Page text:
Mine Safety Training Repository
united states mine rescue association
Mine Disasters in the United States

Tank's Poetry

Father Time
See more disasters
from this year
Calendar Image
Mine Disaster Calendar

White Ash Mine Inundation

Greeley, Weld County, Colorado
September 9, 1889
No. Killed - 11

Colorado Inspector of Coal Mines Report  (2.5 Mb)  PDF Format
White Ash Disaster Marker
Location: 39° 45.129′ N, 105° 13.629′ W.
Marker is in Golden, Colorado, in Jefferson County.  Marker is on 12th Street, 0.1 miles west of Maple Street, on the left when traveling west.  Marker is in this post office area: Golden CO 80401
Photographed by Duane and Tracy Marsteller
Source: The Historical Marker Database  External Link
See more mine disaster markers, memorials, and monuments.

Eleven Lives Lost in the Mine Disaster at Golden, Col.
The New York Times, New York
September 11, 1889

Denver, Col., Sept. 10. -- The special couriers sent out from here last night to the scene of the coal mine disaster near Golden, Col., returned to this city at 2 o'clock this morning and give the following account of the accident which places the number of killed at eleven, instead of ten.

Following are their names of the dead:
  • Johnnie Murphy
  • William Collins, who leaves a wife and four children
  • Jack Collins, wife and four children
  • Joseph Allen, one child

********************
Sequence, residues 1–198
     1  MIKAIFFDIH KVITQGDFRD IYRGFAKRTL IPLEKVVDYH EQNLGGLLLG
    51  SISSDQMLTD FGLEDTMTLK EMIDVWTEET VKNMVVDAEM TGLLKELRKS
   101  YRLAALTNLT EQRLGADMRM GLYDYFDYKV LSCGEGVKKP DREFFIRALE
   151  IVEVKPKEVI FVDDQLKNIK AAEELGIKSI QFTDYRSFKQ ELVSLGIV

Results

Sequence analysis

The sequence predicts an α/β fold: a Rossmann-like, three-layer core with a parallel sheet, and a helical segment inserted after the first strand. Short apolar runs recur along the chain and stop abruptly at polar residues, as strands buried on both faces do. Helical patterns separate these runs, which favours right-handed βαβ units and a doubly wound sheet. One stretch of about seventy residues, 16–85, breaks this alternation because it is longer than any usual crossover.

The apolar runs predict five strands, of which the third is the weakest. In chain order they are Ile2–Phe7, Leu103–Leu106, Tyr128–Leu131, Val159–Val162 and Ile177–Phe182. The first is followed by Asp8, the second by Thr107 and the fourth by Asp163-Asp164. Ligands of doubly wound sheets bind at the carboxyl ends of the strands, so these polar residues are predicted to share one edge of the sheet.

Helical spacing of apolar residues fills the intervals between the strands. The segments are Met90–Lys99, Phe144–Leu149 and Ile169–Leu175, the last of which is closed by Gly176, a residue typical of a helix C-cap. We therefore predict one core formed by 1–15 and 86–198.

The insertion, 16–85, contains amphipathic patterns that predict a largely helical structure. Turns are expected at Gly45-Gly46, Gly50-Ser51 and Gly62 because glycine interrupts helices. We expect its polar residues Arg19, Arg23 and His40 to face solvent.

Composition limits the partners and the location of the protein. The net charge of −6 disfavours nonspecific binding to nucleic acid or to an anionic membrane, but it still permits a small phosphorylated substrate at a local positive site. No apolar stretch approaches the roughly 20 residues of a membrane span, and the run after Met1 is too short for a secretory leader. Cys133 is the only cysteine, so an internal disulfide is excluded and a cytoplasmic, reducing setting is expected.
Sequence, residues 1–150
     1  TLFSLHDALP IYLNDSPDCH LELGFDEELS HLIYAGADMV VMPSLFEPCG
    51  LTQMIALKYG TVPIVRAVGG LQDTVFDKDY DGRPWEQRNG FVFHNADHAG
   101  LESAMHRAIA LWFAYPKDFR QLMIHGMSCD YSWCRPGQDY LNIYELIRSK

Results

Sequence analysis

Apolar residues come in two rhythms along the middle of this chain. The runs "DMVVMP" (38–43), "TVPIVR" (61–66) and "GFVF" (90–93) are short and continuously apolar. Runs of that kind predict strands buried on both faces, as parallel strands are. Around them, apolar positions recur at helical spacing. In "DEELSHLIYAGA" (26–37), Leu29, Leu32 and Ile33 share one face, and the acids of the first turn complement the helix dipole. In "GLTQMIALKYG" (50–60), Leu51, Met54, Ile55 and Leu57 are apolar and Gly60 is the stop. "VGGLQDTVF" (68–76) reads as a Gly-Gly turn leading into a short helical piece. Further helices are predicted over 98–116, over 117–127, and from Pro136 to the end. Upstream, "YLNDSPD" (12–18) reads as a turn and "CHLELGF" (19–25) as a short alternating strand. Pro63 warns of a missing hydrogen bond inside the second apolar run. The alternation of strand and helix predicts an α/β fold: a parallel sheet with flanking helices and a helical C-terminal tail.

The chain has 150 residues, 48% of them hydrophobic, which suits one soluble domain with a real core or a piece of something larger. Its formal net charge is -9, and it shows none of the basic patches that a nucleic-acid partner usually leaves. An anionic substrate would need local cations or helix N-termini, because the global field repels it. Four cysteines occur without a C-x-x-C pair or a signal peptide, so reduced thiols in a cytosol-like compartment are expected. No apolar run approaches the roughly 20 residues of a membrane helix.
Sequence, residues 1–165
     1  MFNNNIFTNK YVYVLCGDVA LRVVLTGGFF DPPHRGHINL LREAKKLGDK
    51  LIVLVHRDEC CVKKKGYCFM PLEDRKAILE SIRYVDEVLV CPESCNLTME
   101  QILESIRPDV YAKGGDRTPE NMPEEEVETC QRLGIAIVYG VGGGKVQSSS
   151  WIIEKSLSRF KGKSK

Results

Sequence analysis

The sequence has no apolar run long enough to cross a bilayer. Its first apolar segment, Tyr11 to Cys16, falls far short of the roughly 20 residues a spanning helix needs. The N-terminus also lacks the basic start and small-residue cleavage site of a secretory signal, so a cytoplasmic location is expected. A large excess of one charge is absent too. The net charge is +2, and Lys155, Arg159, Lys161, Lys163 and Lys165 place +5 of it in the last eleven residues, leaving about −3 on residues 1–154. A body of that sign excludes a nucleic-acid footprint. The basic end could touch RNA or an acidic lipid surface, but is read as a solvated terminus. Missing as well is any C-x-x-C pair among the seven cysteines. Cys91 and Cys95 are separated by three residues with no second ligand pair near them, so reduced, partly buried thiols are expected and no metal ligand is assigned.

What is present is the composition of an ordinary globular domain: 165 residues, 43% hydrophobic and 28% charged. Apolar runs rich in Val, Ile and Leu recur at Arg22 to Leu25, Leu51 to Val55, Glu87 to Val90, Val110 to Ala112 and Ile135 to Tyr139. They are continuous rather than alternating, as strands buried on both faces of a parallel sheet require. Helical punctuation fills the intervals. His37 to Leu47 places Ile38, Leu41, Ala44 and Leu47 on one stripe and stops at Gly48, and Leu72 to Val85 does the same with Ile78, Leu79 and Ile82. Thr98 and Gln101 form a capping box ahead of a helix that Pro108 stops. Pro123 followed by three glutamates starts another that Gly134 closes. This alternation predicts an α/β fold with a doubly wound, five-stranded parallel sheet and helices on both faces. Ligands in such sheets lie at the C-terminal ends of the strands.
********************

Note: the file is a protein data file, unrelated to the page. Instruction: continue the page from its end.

• Joseph Hunter, four children
  • William Bowden
  • David Lloyd
  • John Morgan
  • Henry Huseman, wife and five children
  • Richard Rowe
  • One other man whose name has not yet been learned
The mine is situated one mile from Golden and produces from fifty to one hundred tons of coal per day.  The men who lost their lives were at work in a drift from the bottom of the shaft, 750 feet down, and were 800 feet from the shaft.  The drift runs alongside of what is known as the Old Loveland mine.

Yesterday morning there was fifty feet of water in the old shaft.  At 6 o'clock last evening it was visited by the manager of the White Ash to determine what connection it might have with a rush of water noticed in the White Ash mine, when it was found to be dry, the water having all passed into the shaft where the men were at work.

There is not the slightest hope of rescuing any of the eleven men alive, and it will require days, if not weeks, of hard work to reach their bodies.  All that could be done last night was to make arrangements to start the pumps this morning.

Around the entrance of the mine are huddled together the widows and orphans of the victims.  Occasionally one of them ventures nearer the mine and pears down into the shaft upon the cruel waters that have taken their beloved ones from them.  One glance should satisfy them that there is no possible chance of ever seeing them alive.

See more about these products